Aroldis Chapman Suspended 30 Games By MLB


When the New York Yankees traded for Aroldis Chapman, they knew, deep down, that this day would come.  Chapman, who was labeled the closer before Spring Training even began, has been suspended 30 games by Major League Baseball for violating the domestic violence policy.

Chapman, who initially stated he would appeal any suspension given, had a change of heart and accepted his punishment, although he maintained his innocence, according to Ken Rosenthal:

"Today, I accepted a 30 game suspension from Major League Baseball resulting from my actions on October 30, 2015. I want to be clear, I did not in any way harm my girlfriend that evening. However, I should have exercised better judgment with respect to certain actions, and for that I am sorry. The decision to accept a suspension, as opposed to appealing one, was made after careful consideration. I made this decision in an effort to minimize the distractions that an appeal would cause the Yankees, my new teammates and most importantly, my family. I have learned from this matter, and I look forward to being part of the Yankees’ quest for a 28th World Series title. Out of respect for my teammates and my family, I will have no further comment."

While there were reports that Chapman could be suspended for Spring Training, his suspension will not begin until Opening Day, and he will be suspended without pay, costing him just under $2 million.  The suspension fell just short of giving the Yankees an extra year of team control, and Chapman will be eligible to return May 9th against the Kansas City Royals.

Chapman, who won’t face criminal charges from the incident on October 30th, did admit to inappropriate conduct that night, according to Rob Manfred:

"I asked my staff to conduct a comprehensive investigation of the incident involving Aroldis Chapman on October 30, 2015.  Much of the information regarding the incident has been made public through documents released by law enforcement.  Mr. Chapman submitted to an in-person interview with counsel present.  After reviewing the staff report, I found Mr. Chapman’s acknowledged conduct on that day to be inappropriate under the negotiated Policy, particularly his use of a firearm and the impact of that behavior on his partner.  I am gratified that Mr. Chapman has taken responsibility for his conduct, that he has agreed not to appeal the 30-game suspension, and that he has agreed to comply with the confidential directives of the Joint Policy Board established under the parties’ Policy to ensure that a similar incident does not occur in the future."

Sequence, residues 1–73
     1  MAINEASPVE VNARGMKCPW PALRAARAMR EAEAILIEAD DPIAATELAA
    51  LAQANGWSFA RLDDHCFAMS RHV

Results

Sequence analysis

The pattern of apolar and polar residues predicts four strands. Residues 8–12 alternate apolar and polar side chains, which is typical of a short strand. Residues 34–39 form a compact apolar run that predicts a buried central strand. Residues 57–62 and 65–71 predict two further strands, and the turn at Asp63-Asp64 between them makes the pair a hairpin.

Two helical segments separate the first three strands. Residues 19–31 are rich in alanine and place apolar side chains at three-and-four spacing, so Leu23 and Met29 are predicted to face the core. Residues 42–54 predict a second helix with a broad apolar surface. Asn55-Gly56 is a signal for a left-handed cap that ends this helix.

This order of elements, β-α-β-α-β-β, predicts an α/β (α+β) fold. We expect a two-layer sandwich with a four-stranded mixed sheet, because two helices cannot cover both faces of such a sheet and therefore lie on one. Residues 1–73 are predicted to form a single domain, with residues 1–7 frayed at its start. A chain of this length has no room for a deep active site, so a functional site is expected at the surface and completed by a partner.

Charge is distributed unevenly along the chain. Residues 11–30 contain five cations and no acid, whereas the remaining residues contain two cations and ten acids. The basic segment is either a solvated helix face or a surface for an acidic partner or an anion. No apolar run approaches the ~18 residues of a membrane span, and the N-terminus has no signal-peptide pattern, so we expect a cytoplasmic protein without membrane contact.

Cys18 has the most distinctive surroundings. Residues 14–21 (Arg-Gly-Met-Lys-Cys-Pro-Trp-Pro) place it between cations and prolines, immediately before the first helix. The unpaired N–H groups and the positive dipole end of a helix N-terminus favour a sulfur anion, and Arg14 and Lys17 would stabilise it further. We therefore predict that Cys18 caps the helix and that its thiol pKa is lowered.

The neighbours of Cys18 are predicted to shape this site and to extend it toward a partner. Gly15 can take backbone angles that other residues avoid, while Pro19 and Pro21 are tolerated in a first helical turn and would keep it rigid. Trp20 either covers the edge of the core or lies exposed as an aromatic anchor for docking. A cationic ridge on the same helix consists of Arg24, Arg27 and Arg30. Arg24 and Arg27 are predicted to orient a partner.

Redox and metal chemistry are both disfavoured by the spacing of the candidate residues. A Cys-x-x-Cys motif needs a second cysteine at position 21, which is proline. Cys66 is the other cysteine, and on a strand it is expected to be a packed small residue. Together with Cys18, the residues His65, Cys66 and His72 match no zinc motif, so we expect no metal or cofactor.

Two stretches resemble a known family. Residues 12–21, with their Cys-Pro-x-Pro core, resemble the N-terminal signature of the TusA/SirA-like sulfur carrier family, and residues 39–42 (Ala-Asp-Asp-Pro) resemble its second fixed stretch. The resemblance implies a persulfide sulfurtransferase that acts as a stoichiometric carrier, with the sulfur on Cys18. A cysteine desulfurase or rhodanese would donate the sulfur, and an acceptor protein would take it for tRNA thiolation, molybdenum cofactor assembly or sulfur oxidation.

The Yankees, who acquired Chapman from the Cincinnati Reds over the offseason, released a short and simple statement, supporting the decision:

"The New York Yankees support the decision made by The Commissioner today. We are pleased that Aroldis has accepted this discipline."

The MLBPA, which has always stood strongly by it’s members, also supported Chapman’s decision to accept his suspension:

"The Major League Baseball Players Association and its members do not condone the mistreatment of others by playing or non-playing personnel.  At the same time, the MLBPA remains committed to protecting and ensuring the rights granted to Players under the applicable provisions of the sport’s new Joint Policy on Domestic Violence.  As such, the MLBPA supports Mr. Chapman’s decision to forgo his right to an appeal."

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While almost anyone who follows baseball knew this was coming, I believe that it is good for both Chapman, and the Yankees that the decision was announced before Spring Training games kick off tomorrow.  Chapman, who was the first player to be punished by the new Domestic Violence Policy, which was created in August of 2015, will no longer have his pending case be a distraction to his new organization.

The Yankees, unlike most teams, will not suffer from losing their closer, as Andrew Miller was one of the better closers in all of baseball in 2015, finishing with 36 saves in 38 opportunities, and a 2.04 ERA.  Dellin Betances will likely move back into the eighth inning role.  While the loss of Chapman will affect the Yankees depth in the bullpen, I believe that the bullpen should hold up just fine in his absence.

Some will argue that Chapman’s suspension was too light, and others that it was too long, but in my opinion, the suspension was shockingly fair.  Manfred didn’t come down too hard on Chapman, as he will only miss the first 30 games, and he didn’t come too light, as although what Chapman did, firing a weapon eight times, was wrong, he ultimately wasn’t charged with any form of abuse.

What do you think Yankees fans?  Was Chapman’s suspension too harsh or too light, or did Rob Manfred, and his team of investigators, come down with a fair ruling?

Next: Yankees Aroldis Chapman Likely To Receive 25-30 Game Ban

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